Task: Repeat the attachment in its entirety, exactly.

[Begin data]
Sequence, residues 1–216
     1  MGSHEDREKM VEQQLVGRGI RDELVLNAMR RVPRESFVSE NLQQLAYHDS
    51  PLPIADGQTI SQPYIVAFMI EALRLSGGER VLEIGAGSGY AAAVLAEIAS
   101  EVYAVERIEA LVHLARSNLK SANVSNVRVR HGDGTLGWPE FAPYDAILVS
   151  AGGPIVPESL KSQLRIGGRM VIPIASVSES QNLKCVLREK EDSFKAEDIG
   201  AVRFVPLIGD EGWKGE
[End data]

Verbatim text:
Sequence, residues 1–216
     1  MGSHEDREKM VEQQLVGRGI RDELVLNAMR RVPRESFVSE NLQQLAYHDS
    51  PLPIADGQTI SQPYIVAFMI EALRLSGGER VLEIGAGSGY AAAVLAEIAS
   101  EVYAVERIEA LVHLARSNLK SANVSNVRVR HGDGTLGWPE FAPYDAILVS
   151  AGGPIVPESL KSQLRIGGRM VIPIASVSES QNLKCVLREK EDSFKAEDIG
   201  AVRFVPLIGD EGWKGE